If You're Living In Los Angeles, Get Ready For Tarantula Mating Season

SEPTEMBER 4, 2016  —  By Mike Cahill  
Mike Cahill

Mike Cahill

Mike is ViralNova's resident Editor of the Weird. If it makes you say "OMG! That's terrible!!!" then Mike probably wrote it. Despite the subject of his articles Mike is surprisingly well adjusted. When he's not writing, he's making music, performing, and producing podcasts.

Residents of Los Angeles are lucky in that they get to experience some of the best weather in the country all year long. Because of this unfair advantage, it's only right that there would be a few drawbacks to California living to even the playing field.

While some might look to the persistent threat of wildfires as enough of a balance, let's take it one step further. Los Angeles residents have to deal with tarantula mating season once a year, and the festivities are officially underway!

Hikers in the nearby Santa Monica Mountains are likely to encounter more than their fair share of wild tarantulas on the hunt for mates over the next few weeks.

Hikers in the nearby Santa Monica Mountains are likely to encounter more than their fair share of wild tarantulas on the hunt for mates over the next few weeks.

iStock

Around sunset, male tarantulas typically head out in search of females in their burrows.

Around sunset, male tarantulas typically head out in search of females in their burrows.

iStock

While they might look terrifying, tarantulas actually pose very little threat to humans. That being said, park rangers are encouraging hikers to leave any critters they see in peace.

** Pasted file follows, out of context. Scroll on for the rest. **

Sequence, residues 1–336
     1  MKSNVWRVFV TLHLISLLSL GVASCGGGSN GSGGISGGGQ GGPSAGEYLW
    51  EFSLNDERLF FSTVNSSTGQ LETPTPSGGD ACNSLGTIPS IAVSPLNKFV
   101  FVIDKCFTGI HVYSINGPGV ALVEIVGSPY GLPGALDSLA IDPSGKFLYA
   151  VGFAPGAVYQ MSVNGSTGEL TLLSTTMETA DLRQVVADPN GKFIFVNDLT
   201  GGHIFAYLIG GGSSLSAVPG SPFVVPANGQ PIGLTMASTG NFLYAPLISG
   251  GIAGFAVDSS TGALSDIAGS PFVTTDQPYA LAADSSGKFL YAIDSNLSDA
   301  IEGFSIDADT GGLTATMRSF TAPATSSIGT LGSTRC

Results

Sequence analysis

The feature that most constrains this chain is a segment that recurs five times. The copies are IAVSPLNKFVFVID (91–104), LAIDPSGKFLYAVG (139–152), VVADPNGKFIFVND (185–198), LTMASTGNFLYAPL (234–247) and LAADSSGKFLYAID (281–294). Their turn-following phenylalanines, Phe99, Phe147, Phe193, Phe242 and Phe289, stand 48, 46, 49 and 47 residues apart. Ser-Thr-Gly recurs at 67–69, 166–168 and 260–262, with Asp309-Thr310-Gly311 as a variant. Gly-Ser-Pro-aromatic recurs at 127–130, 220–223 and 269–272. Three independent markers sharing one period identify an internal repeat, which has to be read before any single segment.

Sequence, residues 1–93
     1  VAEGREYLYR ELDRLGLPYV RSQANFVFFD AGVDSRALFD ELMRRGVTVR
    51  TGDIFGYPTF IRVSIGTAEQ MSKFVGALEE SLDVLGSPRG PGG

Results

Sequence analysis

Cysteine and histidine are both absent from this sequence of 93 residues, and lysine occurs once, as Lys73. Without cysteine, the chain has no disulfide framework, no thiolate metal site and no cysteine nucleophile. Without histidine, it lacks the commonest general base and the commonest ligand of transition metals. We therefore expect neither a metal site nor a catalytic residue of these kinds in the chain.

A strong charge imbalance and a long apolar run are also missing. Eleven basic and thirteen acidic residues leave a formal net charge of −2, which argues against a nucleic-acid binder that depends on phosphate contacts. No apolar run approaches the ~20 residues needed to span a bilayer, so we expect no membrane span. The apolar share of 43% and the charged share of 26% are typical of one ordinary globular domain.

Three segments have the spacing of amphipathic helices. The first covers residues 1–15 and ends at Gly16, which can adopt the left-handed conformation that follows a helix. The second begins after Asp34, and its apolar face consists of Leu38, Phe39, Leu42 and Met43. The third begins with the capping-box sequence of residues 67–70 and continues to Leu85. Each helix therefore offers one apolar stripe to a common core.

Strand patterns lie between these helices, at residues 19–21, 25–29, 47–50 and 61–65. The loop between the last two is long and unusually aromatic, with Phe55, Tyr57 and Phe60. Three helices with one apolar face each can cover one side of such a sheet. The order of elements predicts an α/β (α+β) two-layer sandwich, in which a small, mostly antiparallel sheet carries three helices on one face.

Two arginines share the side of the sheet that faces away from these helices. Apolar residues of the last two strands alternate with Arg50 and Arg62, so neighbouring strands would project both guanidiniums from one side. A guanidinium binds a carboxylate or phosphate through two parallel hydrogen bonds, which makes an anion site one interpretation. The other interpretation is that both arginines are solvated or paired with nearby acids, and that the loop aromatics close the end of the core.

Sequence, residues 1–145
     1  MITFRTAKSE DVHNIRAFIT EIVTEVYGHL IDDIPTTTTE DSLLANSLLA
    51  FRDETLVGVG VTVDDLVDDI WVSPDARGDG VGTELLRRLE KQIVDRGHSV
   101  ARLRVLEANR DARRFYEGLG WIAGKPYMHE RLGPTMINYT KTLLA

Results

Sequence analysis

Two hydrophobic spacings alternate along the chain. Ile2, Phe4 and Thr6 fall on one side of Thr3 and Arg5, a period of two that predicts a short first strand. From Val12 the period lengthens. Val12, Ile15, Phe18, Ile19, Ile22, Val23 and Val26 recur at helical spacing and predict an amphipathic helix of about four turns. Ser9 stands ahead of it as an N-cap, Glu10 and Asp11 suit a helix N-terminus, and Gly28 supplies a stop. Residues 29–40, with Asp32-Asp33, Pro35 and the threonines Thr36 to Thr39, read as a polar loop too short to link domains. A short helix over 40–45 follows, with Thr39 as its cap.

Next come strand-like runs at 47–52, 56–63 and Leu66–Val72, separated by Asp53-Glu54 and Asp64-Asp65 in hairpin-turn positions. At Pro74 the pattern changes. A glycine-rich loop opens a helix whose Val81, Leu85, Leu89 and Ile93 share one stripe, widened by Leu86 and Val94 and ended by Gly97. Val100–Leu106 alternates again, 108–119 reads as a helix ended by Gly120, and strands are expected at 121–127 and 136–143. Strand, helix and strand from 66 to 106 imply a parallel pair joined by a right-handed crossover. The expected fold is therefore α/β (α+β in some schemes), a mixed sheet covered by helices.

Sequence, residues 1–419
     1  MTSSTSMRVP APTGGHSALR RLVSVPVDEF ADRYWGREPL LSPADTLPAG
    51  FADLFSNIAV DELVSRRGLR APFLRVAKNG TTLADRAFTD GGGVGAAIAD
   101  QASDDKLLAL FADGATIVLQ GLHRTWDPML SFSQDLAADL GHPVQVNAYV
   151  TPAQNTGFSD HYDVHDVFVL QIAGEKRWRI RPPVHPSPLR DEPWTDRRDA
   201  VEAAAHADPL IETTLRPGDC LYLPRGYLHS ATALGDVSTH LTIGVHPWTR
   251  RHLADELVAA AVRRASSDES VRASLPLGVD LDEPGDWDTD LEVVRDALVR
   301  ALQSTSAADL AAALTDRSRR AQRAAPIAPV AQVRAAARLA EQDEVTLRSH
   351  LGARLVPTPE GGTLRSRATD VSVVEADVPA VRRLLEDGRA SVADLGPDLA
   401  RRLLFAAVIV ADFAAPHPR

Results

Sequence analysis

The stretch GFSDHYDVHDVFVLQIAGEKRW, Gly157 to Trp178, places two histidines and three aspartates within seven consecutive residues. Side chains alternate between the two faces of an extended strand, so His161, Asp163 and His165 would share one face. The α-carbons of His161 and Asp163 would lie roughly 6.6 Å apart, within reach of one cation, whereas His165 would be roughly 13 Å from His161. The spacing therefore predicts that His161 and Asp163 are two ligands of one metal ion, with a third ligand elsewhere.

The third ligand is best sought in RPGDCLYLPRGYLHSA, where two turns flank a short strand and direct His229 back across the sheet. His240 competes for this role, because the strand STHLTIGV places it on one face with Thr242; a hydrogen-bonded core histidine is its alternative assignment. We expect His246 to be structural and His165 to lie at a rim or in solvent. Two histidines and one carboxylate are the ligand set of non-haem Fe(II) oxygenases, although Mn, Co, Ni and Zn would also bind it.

While they might look terrifying, tarantulas actually pose very little threat to humans. That being said, park rangers are encouraging hikers to leave any critters they see in peace.

iStock

During mating season, male tarantulas store their semen in their pedipalps. They then transfer that semen to receptive females. Most of the time, this goes off without a hitch. Other times...well, things end badly for the male.

During mating season, male tarantulas store their semen in their pedipalps. They then transfer that semen to receptive females. Most of the time, this goes off without a hitch. Other times...well, things end badly for the male.

iStock

(via LAist)

Despite the current onslaught of tarantulas, I still love Los Angeles and envy those who live there.

 

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